There are two key aspects of the Queens’ management style: (1) They are women, and (2) They follow, less by design than by tradition, a unique style of management.

First, the Queens are women. Theirs is a matriarchate, that is, a political system where women rule (another anthropological term; this is the anthropologist speaking again). There are no male rulers, nor anyone aspiring to take over and replace any one among the Queens. There are certainly no kings, or kings-in-the-making. The Queens manage it all well alone, and are satisfied with that. So are we, the citizens. Women who rule oftentimes, and certainly in this case, makes for a softer approach to governing (this may or may not apply to the personal/family sphere, but is certainly in the Kubcheto world). One way in which this shows itself, is that Kubcheto citizens by tradition talk to and interact with each other (admittedly, the fact of the bar being so small contributes to this).

Second, the political science and theory of the management style is one that can be termed as enlightened absolutism, or enlightened autocracy. In view of the facts that the bartenders are Queens, and that I am a monarchist, I subjectively chose to characterize the management style as a form of absolute monarchy. This is a political system that has a long tradition throughout European history (especially in continental Europe).

Absolute monarchy is a political system where the rulers accept and appreciate to be influenced by outside information, oftentimes as coming from the citizens. Enlightened monarchs give emphasis to reason and rationality, to tolerance, and to freedom of expression.

In the Kubcheto world and state-of-mind, this absolute monarchy translates into both transparency and sharing: (1) Horizontally, among the Queens and among the citizens, and (2) Vertically, between the Queens and the citizens. In an informal but nonetheless clear sense, citizens contribute to running the place. This is so, partly in that they bring suggestions to the Queens, partly in that they on special occasions bring foods for all to partake of, partly in that they remember birthdays (and certainly Christmas) and share gifts (mostly from citizens to Queens), and partly in that they contribute to the maintenance and upkeep (for example, in bringing out garbage).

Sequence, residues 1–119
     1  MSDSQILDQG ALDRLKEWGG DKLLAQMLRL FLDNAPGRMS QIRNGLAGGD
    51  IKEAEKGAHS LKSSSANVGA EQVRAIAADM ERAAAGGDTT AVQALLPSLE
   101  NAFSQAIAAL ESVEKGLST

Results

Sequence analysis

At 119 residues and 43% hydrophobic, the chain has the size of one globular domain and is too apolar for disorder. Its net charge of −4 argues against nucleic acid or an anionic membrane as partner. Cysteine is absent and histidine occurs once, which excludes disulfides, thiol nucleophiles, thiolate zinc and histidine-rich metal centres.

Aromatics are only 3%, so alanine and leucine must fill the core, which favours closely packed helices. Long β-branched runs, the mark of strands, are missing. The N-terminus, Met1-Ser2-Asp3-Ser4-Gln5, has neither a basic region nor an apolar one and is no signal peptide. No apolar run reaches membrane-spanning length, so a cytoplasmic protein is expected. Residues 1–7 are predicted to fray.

From the Queens’ point of view, their job is much more involved than bartending. Their job could perhaps better be termed as hostesses or managers. There is a vertical integration of the tasks they are responsible for, which includes menial tasks like disposing of garbage and cleaning, in the bar and downstairs. Citizens partakes in some of these tasks.

What happens at Kubcheto, including its inner life and its state-of-mind, is a very good example of how social relations evolve over time, and from below, among individuals who get to know each other, and that thrive in each other’s company. The success of such a networked set of social relations can never be created, designed, instituted, and managed from above. It is the result of personal and idiosyncratic relations between individuals that evolve over time.

Cocktails and the Margarita

The Kubcheto Queens excel in it all and, naturally, foremost in bartending. Accordingly, it is clear that their bartending skills needs to be highlighted. And what better way than in the making of one of my favourite cocktails, namely the Margarita. This is a cocktail that I have liked, even loved, since years, and that I have sampled in more or less well-rumoured establishments across several continents and even more countries. They were mostly too sour for my taste. In some cases, I admit to having doubted that correct ingredients were used. Also, the array of different glasses used was impressive (only one type of cocktail glass should be used, see photo). Moving on to Kubcheto, I find that the best way to address the bartending skills of the Queens is to observe how they prepare Margaritas.